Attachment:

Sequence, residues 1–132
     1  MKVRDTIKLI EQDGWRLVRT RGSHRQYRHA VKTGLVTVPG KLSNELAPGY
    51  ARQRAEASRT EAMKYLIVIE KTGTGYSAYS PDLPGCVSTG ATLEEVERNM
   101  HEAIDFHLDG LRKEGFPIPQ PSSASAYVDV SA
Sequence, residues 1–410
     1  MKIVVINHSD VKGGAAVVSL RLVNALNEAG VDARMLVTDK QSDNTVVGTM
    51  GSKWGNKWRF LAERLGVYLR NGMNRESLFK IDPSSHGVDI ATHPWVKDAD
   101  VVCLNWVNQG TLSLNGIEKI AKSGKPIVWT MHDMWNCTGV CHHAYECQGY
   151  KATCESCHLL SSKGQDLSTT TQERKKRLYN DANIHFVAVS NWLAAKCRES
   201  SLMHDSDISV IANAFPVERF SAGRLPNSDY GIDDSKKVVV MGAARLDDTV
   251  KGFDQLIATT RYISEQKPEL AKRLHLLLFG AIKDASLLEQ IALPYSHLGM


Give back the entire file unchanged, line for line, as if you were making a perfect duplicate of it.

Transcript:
Sequence, residues 1–132
     1  MKVRDTIKLI EQDGWRLVRT RGSHRQYRHA VKTGLVTVPG KLSNELAPGY
    51  ARQRAEASRT EAMKYLIVIE KTGTGYSAYS PDLPGCVSTG ATLEEVERNM
   101  HEAIDFHLDG LRKEGFPIPQ PSSASAYVDV SA
Sequence, residues 1–410
     1  MKIVVINHSD VKGGAAVVSL RLVNALNEAG VDARMLVTDK QSDNTVVGTM
    51  GSKWGNKWRF LAERLGVYLR NGMNRESLFK IDPSSHGVDI ATHPWVKDAD
   101  VVCLNWVNQG TLSLNGIEKI AKSGKPIVWT MHDMWNCTGV CHHAYECQGY
   151  KATCESCHLL SSKGQDLSTT TQERKKRLYN DANIHFVAVS NWLAAKCRES
   201  SLMHDSDISV IANAFPVERF SAGRLPNSDY GIDDSKKVVV MGAARLDDTV
   251  KGFDQLIATT RYISEQKPEL AKRLHLLLFG AIKDASLLEQ IALPYSHLGM